Azerbaijan, Baku, Oct. 21 / Trend T.Jafarov /
The United States has been pursuing a policy of spreading "fear of Iran" in Iran's neighboring countries for a long time, Iranian Saderat (Export) Bank Director, ex-Labor and Social Affairs Minister Mohammad Jahromi told Trend.
Earlier, U.S. Treasury Undersecretary for Terrorism and Financial Intelligence Stuart Levey stated that it is necessary to develop common measures to protect Azerbaijan's financial system from the threat posed by Iran, to help to protect the reputation of the country's financial sector and to attract investments to the country.
As it was repeatedly stressed, Azerbaijan is an important strategic partner of the United States. Thus, the U.S. and Azerbaijan's positions should be brought together on Iran's nuclear program," Levey said during his visit to the country. "Iran is a threat not only to the region's countries, but for the whole world, and, given the geographical proximity of Azerbaijan and Iran, Baku must be more vigilant."
Counterbalancing to the U.S. demands, Iran continues to support economic cooperation with neighboring countries that are linked with the Islamic Republic with historical and cultural ties, Jahromi said. "We do not consider our neighboring countries as threat to us and Iran poses no threat to its neighbors," he said.
Jahromi is on a visit to Azerbaijan to attend the third International Conference on "Financial Institutions - the basis of structural modernization of the CIS economy" in Baku. He was invited to the event as a special guest.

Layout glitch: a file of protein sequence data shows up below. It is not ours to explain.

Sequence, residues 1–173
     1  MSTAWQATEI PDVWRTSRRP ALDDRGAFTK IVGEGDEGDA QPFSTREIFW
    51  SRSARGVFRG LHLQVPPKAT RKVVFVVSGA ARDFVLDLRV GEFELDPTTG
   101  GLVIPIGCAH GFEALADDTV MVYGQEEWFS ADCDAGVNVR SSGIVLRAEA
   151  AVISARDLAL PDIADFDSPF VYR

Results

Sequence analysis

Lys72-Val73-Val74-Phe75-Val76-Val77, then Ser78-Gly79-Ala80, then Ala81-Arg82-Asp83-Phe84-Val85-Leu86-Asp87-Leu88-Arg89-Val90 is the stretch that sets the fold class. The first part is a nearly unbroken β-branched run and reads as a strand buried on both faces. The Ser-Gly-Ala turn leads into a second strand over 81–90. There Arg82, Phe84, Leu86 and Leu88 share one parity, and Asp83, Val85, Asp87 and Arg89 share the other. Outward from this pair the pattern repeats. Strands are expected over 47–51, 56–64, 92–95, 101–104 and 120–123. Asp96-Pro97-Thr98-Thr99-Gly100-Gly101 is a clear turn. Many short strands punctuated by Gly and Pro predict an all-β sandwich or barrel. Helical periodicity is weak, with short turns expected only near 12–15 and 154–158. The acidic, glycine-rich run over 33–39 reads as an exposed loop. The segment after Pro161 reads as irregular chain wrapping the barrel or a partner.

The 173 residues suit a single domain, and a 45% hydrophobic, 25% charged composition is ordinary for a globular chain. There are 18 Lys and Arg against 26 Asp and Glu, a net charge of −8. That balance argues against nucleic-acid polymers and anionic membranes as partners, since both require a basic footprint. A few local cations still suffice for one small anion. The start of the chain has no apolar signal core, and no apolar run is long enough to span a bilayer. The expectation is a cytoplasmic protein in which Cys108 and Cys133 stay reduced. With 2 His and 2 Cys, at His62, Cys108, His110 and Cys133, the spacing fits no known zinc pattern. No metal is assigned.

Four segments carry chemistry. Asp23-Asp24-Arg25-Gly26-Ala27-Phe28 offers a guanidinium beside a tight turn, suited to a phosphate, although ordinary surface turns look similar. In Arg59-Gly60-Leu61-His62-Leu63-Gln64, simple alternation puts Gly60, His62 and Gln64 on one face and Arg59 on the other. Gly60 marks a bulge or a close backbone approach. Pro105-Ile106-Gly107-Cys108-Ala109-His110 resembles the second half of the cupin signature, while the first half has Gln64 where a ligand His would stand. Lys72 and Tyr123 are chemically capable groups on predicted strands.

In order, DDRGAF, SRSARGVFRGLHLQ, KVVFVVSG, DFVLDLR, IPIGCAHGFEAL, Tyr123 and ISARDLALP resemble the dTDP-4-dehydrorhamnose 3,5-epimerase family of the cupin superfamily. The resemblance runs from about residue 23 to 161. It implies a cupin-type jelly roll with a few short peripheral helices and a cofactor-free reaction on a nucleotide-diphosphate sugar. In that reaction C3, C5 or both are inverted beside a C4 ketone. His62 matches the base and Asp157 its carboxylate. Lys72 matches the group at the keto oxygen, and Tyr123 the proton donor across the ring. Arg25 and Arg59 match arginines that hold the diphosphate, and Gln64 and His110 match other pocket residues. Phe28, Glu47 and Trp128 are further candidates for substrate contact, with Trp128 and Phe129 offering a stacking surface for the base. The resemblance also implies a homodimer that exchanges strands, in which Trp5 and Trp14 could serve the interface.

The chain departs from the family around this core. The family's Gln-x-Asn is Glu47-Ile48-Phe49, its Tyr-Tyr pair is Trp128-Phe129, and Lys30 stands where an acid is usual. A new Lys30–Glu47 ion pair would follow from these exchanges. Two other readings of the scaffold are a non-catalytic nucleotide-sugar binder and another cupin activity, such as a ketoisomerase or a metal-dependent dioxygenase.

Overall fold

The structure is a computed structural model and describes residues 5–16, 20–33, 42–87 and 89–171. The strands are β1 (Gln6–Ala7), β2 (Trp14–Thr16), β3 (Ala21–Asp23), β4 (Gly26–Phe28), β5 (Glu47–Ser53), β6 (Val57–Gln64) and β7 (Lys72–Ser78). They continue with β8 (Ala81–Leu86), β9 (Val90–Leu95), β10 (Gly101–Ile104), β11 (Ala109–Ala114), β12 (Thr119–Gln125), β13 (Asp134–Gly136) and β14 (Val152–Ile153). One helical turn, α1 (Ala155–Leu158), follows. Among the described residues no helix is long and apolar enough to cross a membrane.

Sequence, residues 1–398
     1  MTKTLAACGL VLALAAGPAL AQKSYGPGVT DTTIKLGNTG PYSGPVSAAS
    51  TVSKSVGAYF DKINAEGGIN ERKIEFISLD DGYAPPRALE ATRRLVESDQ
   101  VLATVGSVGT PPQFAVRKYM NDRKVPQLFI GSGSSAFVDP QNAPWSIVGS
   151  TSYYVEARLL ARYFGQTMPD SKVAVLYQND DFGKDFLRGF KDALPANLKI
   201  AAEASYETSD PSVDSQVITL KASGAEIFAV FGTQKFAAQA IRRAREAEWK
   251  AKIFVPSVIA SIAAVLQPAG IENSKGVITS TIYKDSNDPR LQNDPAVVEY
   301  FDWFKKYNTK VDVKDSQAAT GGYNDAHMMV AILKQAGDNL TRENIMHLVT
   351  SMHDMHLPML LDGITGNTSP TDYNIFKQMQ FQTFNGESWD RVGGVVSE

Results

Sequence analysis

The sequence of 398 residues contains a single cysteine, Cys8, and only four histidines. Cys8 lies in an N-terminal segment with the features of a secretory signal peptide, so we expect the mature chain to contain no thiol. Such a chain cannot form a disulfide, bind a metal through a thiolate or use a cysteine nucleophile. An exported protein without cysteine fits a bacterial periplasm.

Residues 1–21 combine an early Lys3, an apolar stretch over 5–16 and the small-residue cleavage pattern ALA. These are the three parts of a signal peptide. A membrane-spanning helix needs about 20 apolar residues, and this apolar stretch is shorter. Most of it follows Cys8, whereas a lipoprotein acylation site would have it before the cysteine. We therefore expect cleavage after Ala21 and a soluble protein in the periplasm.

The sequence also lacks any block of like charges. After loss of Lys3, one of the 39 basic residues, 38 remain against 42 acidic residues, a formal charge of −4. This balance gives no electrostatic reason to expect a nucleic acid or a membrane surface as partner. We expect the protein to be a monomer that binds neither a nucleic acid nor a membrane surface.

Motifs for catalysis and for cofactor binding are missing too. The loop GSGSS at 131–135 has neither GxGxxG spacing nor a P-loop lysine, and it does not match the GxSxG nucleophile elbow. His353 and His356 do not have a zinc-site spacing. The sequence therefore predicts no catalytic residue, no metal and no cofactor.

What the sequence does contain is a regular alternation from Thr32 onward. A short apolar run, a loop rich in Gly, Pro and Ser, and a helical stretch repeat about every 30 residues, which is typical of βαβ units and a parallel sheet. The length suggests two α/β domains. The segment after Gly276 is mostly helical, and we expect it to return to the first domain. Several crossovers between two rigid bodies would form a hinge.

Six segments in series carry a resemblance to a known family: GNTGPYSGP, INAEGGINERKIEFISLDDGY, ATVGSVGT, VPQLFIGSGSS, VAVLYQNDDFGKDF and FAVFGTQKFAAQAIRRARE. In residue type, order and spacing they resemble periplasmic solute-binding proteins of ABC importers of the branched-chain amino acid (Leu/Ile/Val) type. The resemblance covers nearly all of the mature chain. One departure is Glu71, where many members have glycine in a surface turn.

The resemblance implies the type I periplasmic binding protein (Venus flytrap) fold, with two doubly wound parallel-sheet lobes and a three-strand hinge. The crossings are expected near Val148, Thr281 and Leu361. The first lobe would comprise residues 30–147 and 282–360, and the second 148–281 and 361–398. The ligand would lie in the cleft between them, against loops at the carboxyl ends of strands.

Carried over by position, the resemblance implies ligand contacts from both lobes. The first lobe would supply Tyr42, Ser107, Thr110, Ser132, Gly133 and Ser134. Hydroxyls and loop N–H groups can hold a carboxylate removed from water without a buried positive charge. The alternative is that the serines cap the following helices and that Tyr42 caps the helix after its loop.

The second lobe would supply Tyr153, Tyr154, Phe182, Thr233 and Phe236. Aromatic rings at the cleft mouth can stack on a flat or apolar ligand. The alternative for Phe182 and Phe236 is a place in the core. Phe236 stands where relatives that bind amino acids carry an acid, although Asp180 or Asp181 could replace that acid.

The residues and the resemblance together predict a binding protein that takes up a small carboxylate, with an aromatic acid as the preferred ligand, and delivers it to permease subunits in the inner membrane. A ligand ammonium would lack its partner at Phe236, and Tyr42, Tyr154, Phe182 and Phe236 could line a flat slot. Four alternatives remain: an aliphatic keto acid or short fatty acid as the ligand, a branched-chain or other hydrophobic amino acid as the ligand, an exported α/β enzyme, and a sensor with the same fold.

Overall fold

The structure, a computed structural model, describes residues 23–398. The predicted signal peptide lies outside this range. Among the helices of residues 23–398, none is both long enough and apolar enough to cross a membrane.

Jahromi said the region's economy is developing in terms of mutually beneficial cooperation among neighboring countries, which causes great concern of the U.S. "The Iran-Azerbaijan relations do not have any threatening factors. Two countries are linked with historical ties and they continue to cooperate," he added.
The U.S. and other Western countries accuse Iran of developing nuclear weapons for military purposes under the guise of peaceful nuclear energy program. Tehran denies the charges, saying that its nuclear program is aimed solely at meeting the country's electricity needs. The U.N. Security Council adopted six resolutions in connection with the suspension of Iran's nuclear program.
The UN Security Council adopted another resolution, which provides for tougher sanctions against Tehran in connection with its refusal to cease its uranium enrichment June 9, 2010. This is the fourth resolution, adopted by the Security Council because of Tehran's unwillingness to comply with international requirements concerning the clarification of several issues of the world community over the Iranian nuclear program, including the existence of the military component.
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